If you have already earned an associate’s degree, which is typically 60 credit hours, and want to complete a WRS major, which is 36 credit hours, that totals 96 credit hours. This means that you would need 26 more credit hours to complete the 122 semester hour graduation requirement for a bachelor’s degree. Remember, 40 of those 122 credits must be upper-division (3000-level or higher).

This flexibility makes WRS an ideal double major or a good major to combine with other minor(s), pre-professional concentrations, or participating in the honors program. WRS pairs well with disciplines in the humanities, social sciences, sciences, and professional programs. All WRS majors graduate with an e-portfolio that showcases their writing experiences and abilities for employers and graduate admissions committees.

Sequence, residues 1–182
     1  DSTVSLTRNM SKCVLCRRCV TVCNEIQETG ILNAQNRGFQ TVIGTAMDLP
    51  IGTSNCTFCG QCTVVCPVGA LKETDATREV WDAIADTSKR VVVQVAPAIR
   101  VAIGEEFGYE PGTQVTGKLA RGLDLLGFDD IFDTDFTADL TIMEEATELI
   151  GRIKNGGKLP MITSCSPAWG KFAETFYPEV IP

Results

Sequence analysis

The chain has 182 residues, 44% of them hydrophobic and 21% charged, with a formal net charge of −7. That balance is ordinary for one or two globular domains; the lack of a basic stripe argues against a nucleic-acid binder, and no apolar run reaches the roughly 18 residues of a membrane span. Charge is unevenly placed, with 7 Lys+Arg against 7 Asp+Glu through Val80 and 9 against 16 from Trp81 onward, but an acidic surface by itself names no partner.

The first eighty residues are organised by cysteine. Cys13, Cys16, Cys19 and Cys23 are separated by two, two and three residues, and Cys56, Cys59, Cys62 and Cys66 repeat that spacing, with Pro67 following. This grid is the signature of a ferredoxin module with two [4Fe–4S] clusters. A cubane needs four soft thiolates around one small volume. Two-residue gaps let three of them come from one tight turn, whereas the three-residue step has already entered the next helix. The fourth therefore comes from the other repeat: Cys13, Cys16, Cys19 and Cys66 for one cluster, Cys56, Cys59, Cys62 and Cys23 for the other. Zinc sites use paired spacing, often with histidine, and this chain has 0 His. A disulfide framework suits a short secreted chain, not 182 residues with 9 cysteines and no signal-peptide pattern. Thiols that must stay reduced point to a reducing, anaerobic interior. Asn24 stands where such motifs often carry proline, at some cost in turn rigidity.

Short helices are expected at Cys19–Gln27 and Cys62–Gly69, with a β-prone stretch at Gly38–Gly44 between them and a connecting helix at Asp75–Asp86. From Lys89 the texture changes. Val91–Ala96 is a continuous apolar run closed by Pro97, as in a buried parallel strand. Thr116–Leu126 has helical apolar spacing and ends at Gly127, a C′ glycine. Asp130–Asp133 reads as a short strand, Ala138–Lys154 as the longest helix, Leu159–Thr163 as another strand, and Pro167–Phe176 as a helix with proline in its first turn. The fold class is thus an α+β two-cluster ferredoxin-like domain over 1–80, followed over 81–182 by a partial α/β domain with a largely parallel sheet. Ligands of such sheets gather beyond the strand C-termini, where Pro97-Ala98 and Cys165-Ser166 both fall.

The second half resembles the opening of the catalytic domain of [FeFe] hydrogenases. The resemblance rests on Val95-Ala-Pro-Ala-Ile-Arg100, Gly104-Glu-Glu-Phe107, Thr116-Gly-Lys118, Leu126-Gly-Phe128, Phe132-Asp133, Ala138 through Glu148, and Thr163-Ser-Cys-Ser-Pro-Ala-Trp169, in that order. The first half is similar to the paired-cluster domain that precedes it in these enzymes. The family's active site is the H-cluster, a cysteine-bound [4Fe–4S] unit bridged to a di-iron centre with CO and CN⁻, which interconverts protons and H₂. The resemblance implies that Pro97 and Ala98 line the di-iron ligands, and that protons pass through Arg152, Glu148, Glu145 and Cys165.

The Office of Admissions determines the acceptability of transfer credit toward the 122 semester hour graduation requirement as well as awarding credit general education requirements. Academic departments determine if courses are considered equivalent to courses offered at the University of Utah and their applicability towards a bachelor's degree.

 

Designed for 21st Century Learners

The Department of Writing and Rhetoric has designed the major in writing and rhetoric to meet the needs of the University of Utah’s diverse student body, preparing students who are strong analytical thinkers and proficient writers. Because employers consistently rank strong writing skills as among the most important capabilities in their employees, a degree in writing will prepare students for many careers and a variety of graduate school options. Students who major in Writing and Rhetoric will learn the rhetorical skills and behaviors that make a strong writer, while learning the ways that literacy is a social practice saturated with the values of the culture in which it is developed. Students who major in writing and rhetoric thus become better writers while also learning that texts are rhetorical and powerful cultural products.

Strong Relationships with Faculty